Evaluation of Pochonia chlamydosporia and Purpureocillium lilacinum for Suppression of Meloidogyne enterolobii on Tomato and Banana


  • Silas D. Silva
  • Regina M. D. G. Carneiro
  • Marcos Faria
  • Daniela A. Souza
  • Rose G. Monnerat
  • Rogerio B. Lopes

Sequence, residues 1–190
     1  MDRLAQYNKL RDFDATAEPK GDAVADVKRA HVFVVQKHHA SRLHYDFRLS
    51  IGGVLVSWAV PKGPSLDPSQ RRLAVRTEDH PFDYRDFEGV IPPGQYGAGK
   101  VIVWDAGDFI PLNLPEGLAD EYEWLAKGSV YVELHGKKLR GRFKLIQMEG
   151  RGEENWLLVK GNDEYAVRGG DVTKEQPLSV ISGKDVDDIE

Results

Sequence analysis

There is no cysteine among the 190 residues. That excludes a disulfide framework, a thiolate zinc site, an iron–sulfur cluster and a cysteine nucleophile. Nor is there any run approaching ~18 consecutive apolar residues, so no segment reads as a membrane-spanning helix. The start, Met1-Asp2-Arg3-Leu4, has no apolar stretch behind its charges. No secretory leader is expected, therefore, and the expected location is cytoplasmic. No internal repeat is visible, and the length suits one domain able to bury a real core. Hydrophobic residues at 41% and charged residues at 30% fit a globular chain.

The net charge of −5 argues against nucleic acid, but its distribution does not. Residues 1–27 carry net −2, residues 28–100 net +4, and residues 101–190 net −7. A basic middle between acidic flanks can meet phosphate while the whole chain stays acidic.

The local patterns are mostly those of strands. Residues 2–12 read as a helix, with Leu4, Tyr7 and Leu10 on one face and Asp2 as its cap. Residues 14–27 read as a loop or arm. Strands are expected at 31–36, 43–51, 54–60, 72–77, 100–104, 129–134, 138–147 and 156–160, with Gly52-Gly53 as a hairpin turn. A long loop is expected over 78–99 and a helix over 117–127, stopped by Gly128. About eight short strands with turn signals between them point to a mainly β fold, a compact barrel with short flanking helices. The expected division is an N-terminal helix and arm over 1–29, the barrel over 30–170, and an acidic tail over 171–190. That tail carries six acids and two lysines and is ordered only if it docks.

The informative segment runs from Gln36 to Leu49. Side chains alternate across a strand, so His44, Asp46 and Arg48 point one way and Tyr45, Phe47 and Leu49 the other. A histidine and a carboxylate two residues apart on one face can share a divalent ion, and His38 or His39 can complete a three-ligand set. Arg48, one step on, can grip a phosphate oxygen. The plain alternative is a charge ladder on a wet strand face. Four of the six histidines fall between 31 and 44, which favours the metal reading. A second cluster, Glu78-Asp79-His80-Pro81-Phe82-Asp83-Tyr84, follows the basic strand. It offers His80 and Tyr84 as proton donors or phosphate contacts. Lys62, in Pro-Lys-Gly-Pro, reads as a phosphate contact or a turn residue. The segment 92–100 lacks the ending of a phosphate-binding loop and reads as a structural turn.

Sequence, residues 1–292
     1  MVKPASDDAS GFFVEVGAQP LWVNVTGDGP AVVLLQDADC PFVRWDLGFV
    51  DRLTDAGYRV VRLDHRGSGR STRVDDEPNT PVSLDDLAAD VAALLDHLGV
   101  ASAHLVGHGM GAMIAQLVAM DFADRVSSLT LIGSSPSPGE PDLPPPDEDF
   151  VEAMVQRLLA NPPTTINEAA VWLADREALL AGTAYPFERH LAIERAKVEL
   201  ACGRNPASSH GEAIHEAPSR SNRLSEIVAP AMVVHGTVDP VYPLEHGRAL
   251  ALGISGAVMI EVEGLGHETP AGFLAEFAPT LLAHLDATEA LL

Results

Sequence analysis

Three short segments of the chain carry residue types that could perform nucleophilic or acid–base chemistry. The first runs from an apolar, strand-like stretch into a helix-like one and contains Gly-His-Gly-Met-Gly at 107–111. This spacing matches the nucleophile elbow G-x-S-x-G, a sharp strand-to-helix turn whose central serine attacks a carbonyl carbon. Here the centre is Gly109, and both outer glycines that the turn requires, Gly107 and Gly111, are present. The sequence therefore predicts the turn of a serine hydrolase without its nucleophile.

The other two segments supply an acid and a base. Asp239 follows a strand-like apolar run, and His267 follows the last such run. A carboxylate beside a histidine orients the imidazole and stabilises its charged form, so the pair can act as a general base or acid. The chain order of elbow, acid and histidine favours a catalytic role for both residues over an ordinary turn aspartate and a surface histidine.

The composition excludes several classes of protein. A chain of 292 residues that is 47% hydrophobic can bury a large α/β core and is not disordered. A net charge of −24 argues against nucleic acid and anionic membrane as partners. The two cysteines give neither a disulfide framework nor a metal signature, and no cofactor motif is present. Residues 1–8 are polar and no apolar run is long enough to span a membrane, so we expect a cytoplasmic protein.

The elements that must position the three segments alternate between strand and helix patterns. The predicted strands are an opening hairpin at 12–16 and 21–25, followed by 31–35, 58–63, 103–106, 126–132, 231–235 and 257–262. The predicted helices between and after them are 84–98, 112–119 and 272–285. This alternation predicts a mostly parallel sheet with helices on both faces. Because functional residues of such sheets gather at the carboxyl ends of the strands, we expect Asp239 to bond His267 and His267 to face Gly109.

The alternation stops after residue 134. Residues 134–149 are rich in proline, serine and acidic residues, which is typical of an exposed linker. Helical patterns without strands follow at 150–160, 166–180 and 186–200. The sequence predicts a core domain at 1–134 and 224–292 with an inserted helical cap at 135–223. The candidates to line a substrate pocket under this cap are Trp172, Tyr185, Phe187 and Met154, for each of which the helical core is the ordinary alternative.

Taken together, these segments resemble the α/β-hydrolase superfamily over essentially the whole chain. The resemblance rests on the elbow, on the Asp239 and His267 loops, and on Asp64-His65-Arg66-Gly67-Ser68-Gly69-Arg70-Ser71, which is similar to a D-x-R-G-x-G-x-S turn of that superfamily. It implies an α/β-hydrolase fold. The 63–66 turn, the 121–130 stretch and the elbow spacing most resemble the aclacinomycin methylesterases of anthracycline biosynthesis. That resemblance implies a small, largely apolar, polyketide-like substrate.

Meloidogyne enterolobii is one of the most important root-knot nematode in tropical regions, due to its ability to overcome resistance mechanisms of a number of host plants. The lack of new and safe active ingredients against this nematode has restricted control alternatives for growers. Egg-parasitic fungi have been considered as potential candidates for the development of bionematicides. In tissue culture plates, Pochonia chlamydosporia (var. catenulata and chlamydosporia) and Purpureocillium lilacinum strains were screened for their ability to infect eggs of the root-knot nematode M. enterolobii on water-agar surfaces. Reduction in the hatching of J2 varied from 13% to 84%, depending on strain. The more efficacious strains reduced hatchability of J2 by 57% to 84% when compared to untreated eggs, but average reductions were only 37% to 55% when the same strains were applied to egg masses. Combinations of fungal isolates (one of each species) did not increase the control efficacy in vitro. In experiments in which 10,000 nematode eggs were inoculated per plant, reductions in the number of eggs after 12 months were seen in three of four treatments in banana plants, reaching 34% for P. chlamydosporia var. catenulata. No significant reductions were seen in tomato plants after 3 mon. In another experiment with tomato plants using either P. chlamydosporia var. catenulata or P. lilacinum, the number of eggs was reduced by 34% and 44%, respectively, when initial infestation level was low (500 nematode eggs per plant), but tested strains were not effective under a moderate infestation level (5,000 eggs per plant). Under all infestation levels tested in this work, gall and egg mass indexes (MI) did not differ from the untreated controls, bringing concerns related to the practical adoption of this control strategy by farmers. In our opinion, if the fungi P. chlamydosporia and P. lilacinum are to be used as biocontrol tools toward M. entorolobii, they should focus on agricultural settings with low soil infestation levels and within an IPM approach.






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